SOLSC #29: Hanami

DSCN1546The ground is covered with a patchwork of tarps and blankets, each full with groups of family or friends.  As we walk past one area, there is a circle of friends holding a bottle of wine up to a young lady’s mouth while she chugs.  Next to them, another circle watches as a guy leans over on hands and knees and retches into a paper bag.  We continue walking, passing another area with 7-8 people laughing, chatting, and enjoying their bento boxes.  This is the tradition called hanami, or cherry blossom viewing.

By my unoffocial estimation, this is the most popular time of the year for Japanese.  The sakura, or cherry blossoms, are breath-taking, but they only last a week or two, and the Japanese are serious about taking advantage of this opportunity to enjoy the wonders of nature.  Tokyo is a large prefecture and every park will be full of people.  Today, my friends and I are visiting a park that surrounds a small lake (ok, maybe it’s a pond) encircled by sakura, or cherry blossoms.  Unfortunately, the trees are not fully in bloom yet, but they have started so the celebrations have started.  It is also one of the first few warm days we’ve had after a more severe than usual winter.

We sit by the water and unpack our chu-his (corbonated wine coolers), edamami, chips and dip, cheese sandwiches, and rice crackers.  The friendly group next to us takes the opportunity to practice their English.  We discover that one of them lived in North Carolina for 11 years and speaks English with a perfect American accent.  Eventually, we all return to our own people and our own spreads.  On the lake, children, couples, parents and offspring, move around the water in paddle boats and row boats, floating between the trees for close-up views of the blossoms.  As we watch, we chat about baseball, boys and books.  We’re all tired from a busy week, but we’ve made ourselves come out for this picnic because, although the trees are not in their full glory, we all leave for spring break next weekend and we can’t miss this spring tradition.  It turns out that there’s nothing better than fresh air, flowers, a little girl talk to help unwind.




13 thoughts on “SOLSC #29: Hanami

  1. sallydonnelly11

    Due to the longer winter in Washington DC, the cherry blossoms given to our nations Capital by Japan haven’t bloomed yet. The annual festival was held last week without the gorgeous color of the blooms surrounding the Tidal Basin. I enjoyed reading your slice from Japan and look forward to taking a metro ride down to see the DC blooms soon as I live just across the river in VA. I’ll think of you when I go!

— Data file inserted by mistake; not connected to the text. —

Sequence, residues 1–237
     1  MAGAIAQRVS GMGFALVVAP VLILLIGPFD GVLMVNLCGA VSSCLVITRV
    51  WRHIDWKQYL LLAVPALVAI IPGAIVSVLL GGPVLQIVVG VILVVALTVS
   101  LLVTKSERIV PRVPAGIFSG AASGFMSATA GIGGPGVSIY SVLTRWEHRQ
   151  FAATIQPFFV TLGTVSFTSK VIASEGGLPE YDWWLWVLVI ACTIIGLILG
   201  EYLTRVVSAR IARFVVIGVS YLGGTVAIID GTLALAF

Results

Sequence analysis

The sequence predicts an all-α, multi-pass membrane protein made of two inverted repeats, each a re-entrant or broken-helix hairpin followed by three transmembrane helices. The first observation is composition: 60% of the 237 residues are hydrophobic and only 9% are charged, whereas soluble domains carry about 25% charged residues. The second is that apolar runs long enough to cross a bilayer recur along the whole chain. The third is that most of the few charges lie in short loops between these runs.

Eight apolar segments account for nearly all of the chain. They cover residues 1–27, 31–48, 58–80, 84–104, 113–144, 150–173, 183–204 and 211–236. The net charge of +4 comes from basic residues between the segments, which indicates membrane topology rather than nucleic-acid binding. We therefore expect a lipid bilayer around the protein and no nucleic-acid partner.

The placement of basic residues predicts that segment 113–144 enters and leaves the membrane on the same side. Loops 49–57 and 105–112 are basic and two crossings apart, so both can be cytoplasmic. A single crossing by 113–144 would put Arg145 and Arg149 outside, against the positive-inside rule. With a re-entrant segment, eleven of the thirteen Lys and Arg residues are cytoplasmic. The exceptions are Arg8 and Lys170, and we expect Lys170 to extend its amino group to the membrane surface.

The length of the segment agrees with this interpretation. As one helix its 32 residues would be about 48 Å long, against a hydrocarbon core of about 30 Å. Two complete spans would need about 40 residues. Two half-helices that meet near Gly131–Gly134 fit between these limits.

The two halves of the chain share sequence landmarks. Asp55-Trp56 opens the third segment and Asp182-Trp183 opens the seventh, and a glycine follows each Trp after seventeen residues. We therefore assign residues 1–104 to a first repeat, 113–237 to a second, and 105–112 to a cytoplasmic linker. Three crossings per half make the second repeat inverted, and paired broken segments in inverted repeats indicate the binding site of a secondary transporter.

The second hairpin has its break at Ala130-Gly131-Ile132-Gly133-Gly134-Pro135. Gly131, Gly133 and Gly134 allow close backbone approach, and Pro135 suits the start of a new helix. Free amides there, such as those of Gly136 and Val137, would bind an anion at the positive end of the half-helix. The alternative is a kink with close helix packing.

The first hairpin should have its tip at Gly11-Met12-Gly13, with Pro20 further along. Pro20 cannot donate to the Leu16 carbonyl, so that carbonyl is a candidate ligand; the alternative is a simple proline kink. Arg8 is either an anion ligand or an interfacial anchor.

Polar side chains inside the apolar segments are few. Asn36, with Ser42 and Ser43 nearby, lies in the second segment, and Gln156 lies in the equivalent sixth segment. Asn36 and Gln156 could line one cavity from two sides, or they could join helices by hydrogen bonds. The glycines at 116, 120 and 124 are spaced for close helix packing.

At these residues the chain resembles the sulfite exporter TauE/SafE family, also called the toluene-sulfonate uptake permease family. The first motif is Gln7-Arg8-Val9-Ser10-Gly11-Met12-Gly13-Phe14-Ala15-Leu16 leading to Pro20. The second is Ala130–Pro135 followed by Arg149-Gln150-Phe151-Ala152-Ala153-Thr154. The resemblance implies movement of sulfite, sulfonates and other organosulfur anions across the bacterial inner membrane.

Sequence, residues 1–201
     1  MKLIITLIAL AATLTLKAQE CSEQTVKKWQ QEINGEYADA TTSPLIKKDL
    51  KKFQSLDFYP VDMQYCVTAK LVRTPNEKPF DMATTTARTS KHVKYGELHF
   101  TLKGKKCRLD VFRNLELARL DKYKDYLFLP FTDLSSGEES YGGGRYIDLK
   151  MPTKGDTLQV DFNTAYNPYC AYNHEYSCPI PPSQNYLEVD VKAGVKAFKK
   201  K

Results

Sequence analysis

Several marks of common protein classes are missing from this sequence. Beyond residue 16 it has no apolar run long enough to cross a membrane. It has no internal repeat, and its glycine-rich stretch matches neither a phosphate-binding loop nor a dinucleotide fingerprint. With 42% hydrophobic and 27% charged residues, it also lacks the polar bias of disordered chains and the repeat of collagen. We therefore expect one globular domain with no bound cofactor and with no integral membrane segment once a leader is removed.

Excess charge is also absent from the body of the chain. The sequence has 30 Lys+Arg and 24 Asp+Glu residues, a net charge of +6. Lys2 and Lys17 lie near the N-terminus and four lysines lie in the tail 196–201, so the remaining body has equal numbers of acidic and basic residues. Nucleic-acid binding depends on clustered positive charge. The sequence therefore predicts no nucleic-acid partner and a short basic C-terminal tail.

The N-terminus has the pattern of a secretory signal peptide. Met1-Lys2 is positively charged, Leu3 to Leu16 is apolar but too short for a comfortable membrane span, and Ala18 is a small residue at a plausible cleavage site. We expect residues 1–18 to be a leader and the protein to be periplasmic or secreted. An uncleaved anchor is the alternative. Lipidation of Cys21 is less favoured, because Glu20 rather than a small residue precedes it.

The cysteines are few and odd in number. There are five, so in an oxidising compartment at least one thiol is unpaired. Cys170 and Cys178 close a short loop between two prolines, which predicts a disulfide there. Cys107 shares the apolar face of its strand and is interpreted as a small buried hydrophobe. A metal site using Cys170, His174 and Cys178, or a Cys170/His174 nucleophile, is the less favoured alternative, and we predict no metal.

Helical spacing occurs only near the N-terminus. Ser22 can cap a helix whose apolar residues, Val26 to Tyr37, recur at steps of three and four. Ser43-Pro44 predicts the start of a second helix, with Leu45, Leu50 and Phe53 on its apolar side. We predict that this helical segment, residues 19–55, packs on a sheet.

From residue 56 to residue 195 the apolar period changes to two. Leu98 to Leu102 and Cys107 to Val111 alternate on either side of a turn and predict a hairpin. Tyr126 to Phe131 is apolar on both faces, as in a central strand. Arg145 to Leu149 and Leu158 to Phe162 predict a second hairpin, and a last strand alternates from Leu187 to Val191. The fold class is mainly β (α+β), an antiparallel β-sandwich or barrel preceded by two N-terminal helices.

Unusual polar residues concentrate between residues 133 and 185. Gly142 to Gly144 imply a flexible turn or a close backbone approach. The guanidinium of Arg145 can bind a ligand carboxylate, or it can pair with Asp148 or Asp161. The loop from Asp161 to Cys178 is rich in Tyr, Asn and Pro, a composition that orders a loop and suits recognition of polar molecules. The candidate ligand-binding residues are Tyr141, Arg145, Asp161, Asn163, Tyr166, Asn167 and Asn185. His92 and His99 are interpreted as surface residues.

1. readerlee Post author

      I’m so glad you will get to see the DC blooms! Some day I will make it there, but it’s nice to know I will be there in thought this year. 🙂 Thanks!

  2. Tara Smith

    So festive! I imagine that this will take place all while the blossoms are blooming – what a lovely tradition. Unless, of course, you are retching into a paper bag. Then…not so much!

    1. readerlee Post author

      Thanks, Kim. Aside from the excessive drinking, this is a tradition that I really love. It is so nice to see people sitting outside together and enjoying flowers.

  3. shaggerspicchu

    That sounds like an absolutely delightful day! I am glad no one was holding the wine bottle up to your mouth to chug! I was thinking of coming to see the cherry blossoms during my Spring Break this year but then decided that I needed a staycation instead! I do need to take part in this beautiful tradition.

    1. readerlee Post author

      We were laughing as we walked past those kids chugging, thankful that we are past that age! Probably better that you took a staycation this year. I worry about the blossoms. They’re behind forecast, and we had a very rainy and windy day today. I’m sure it took some of the blossoms before they even opened. Hopefully, it’ll be a good week and I’ll get to see some flowers before I leave for spring break.


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